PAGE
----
Three Detroit Area Men Convicted on
AUG 12 -- Three Detroit area men were found guilty yesterday of federal drug trafficking and gun charges based on a seizure by local DEA agents of over one ton of marijuana hidden in a secret compartment in a 53' enclosed semi-trailer last year. The Mexican marijuana, with an estimated street value of over $2.3 million, had been shipped here from the Texas border, for distribution in metropolitan Detroit.
Found guilty were, Costica Bonas, a 47 year-old Detroit man, David Carter, a 41 year old Detroit man, and Joe Nemes, 38, of Belleville. Acquitted of all charges was Michael Hadden, 54, of Detroit, United States Attorney Stephen J. Murphy announced today.
Murphy was joined in the announcement by Robert L. Corso, Special Agent in Charge, United States Drug Enforcement Administration (DEA).
The jury deliberated for less than two days before returning the verdict, concluding a six day jury trial before United States District Judge Victoria A. Roberts.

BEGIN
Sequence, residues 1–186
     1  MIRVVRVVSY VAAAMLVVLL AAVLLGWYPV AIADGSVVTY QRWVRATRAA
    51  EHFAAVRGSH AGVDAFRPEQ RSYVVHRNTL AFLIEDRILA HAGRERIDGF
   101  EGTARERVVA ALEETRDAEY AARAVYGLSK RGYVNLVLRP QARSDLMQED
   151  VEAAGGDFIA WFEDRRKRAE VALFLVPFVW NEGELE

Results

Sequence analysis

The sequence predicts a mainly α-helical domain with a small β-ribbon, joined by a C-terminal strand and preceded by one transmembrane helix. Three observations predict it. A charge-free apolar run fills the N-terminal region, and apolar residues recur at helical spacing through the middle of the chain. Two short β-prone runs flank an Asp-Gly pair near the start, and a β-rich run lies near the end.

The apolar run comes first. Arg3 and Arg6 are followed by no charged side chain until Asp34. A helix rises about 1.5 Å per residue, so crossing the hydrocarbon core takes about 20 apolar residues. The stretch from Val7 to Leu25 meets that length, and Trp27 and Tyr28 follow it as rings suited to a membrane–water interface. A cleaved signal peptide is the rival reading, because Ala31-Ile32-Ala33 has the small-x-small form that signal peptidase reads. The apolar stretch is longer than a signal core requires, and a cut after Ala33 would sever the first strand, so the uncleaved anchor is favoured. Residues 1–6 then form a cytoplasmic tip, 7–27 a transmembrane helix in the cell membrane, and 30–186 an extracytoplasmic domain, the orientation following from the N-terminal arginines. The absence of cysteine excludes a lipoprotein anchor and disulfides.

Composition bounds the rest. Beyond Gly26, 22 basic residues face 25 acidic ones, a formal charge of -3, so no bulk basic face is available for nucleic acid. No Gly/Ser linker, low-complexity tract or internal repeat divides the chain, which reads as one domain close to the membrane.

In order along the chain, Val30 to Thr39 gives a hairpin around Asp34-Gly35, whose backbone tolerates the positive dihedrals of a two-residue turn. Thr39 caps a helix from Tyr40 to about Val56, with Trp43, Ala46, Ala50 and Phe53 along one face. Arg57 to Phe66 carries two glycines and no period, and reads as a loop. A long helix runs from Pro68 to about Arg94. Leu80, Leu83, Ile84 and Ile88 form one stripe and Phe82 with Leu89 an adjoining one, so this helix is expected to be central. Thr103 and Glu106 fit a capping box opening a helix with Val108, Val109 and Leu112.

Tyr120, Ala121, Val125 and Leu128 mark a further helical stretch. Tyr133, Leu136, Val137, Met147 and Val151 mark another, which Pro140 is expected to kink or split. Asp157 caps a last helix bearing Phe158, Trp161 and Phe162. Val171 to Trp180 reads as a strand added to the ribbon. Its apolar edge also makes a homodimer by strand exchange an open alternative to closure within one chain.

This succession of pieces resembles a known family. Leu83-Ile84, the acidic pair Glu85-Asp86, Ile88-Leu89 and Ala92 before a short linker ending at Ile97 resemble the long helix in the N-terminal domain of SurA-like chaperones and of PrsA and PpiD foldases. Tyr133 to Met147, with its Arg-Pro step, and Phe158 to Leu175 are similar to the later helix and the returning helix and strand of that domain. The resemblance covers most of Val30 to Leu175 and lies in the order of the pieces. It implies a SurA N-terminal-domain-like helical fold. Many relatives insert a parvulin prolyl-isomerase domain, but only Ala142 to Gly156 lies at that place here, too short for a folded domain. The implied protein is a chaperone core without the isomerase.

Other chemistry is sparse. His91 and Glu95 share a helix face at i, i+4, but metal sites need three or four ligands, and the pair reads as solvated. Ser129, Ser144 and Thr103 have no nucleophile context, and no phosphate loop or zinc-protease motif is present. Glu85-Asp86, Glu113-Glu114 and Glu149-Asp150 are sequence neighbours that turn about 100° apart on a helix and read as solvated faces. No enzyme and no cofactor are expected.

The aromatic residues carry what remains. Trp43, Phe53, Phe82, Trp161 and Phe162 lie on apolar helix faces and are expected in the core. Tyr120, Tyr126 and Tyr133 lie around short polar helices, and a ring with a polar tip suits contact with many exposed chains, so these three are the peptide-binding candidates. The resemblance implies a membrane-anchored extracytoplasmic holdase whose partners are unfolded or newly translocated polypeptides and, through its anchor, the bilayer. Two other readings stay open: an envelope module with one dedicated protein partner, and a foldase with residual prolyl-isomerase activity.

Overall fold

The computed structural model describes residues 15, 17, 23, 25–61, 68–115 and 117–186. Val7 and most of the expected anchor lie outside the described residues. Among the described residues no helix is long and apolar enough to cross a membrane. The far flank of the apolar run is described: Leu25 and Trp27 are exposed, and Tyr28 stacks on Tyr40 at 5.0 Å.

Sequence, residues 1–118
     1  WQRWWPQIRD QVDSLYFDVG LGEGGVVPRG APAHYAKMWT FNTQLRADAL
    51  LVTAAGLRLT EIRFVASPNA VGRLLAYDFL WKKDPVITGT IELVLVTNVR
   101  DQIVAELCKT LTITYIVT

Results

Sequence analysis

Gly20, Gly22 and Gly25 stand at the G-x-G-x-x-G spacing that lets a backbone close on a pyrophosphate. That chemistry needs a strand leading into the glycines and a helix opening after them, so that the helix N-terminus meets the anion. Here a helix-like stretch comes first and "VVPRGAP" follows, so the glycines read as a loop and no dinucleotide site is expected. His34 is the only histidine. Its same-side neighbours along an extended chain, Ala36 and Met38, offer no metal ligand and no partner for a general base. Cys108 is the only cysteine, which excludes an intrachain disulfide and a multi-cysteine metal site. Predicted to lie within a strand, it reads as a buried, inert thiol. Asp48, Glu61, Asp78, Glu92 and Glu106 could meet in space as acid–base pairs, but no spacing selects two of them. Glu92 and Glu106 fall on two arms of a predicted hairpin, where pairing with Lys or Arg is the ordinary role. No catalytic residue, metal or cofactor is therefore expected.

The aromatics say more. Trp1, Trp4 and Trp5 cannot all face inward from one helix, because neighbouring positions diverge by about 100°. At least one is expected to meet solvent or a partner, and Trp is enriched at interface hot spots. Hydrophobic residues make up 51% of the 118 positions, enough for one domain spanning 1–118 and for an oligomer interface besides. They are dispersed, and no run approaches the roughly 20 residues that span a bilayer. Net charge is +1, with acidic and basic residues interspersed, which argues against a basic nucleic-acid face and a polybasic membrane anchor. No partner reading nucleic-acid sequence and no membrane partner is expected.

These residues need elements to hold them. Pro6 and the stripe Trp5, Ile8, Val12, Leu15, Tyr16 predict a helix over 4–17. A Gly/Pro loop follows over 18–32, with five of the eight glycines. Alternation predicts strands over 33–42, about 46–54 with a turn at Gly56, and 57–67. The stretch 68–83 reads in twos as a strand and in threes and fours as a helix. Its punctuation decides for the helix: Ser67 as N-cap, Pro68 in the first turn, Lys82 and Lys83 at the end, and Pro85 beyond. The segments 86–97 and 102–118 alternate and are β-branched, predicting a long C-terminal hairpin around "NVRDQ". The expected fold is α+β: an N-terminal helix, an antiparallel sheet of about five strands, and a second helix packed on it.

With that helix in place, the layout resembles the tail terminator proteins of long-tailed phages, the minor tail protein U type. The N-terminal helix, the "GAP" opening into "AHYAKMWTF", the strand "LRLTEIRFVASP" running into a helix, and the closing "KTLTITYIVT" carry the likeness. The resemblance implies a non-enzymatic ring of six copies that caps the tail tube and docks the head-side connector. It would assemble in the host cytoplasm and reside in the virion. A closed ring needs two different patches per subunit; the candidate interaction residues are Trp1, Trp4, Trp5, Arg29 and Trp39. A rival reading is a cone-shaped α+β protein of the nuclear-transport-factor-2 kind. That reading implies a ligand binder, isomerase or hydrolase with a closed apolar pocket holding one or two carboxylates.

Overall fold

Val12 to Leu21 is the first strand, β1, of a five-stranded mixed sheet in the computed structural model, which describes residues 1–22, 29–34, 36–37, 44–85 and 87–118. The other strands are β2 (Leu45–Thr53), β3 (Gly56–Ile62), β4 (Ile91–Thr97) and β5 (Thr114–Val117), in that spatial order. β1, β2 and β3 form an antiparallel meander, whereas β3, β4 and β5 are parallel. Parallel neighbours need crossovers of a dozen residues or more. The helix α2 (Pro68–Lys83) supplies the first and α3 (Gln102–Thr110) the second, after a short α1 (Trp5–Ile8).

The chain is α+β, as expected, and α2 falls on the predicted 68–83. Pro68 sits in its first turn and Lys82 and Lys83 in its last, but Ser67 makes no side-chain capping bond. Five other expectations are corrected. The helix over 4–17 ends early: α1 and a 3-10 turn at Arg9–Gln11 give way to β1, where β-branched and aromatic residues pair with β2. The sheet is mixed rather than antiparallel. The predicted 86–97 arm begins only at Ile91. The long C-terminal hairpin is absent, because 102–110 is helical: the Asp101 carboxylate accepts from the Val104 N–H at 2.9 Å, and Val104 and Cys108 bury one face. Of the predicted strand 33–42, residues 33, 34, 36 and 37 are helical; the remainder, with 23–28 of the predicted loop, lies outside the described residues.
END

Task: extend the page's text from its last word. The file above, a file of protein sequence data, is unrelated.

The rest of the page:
The evidence presented at trial showed that the group was obtaining distribution quantities of marijuana from sources in both Mexico and Canada, for distribution in the Detroit area. The one ton marijuana seizure by local DEA agents at a stone-cutting warehouse in New Boston, Michigan on June 5, 2007, was the second such shipment seized by law enforcement in a six-month period in 2007. The evidence showed that the marijuana organization concealed marijuana shipments in sophisticated hidden compartments in semi-trailers, and also smuggled marijuana across from Canada on the Detroit River.
“Cross-border marijuana smuggling is a serious federal crime, and it is even more serious when firearms are involved. My office will aggressively prosecute any individuals engaged in drug trafficking in the Eastern District of Michigan, particularly armed individuals,” United States Attorney Murphy said.
DEA Special Agent in Charge Corso said, "Marijuana is the most commonly abused illegal drug in the United States, and the evidence brought forth during this trial made it clear that marijuana traffickers are indeed violent. This was a sophisticated, international drug trafficking organization that is now out of business. The DEA will continue to work with our law enforcement partners to bring to justice those greedy individuals that choose to disregard the federal drug laws of the United States.”
Murphy commended the work of the agents of the DEA in the investigation.
Sentencing dates have been set for January 20, 2009. Bonas and Nemes face a mandatory minimum of 10 years imprisonment, while Carter faces a mandatory minimum 15 years in prison because he carried a gun during the commission of the offense. The case was prosecuted by Assistant U.S. Attorney J. Michael Buckley.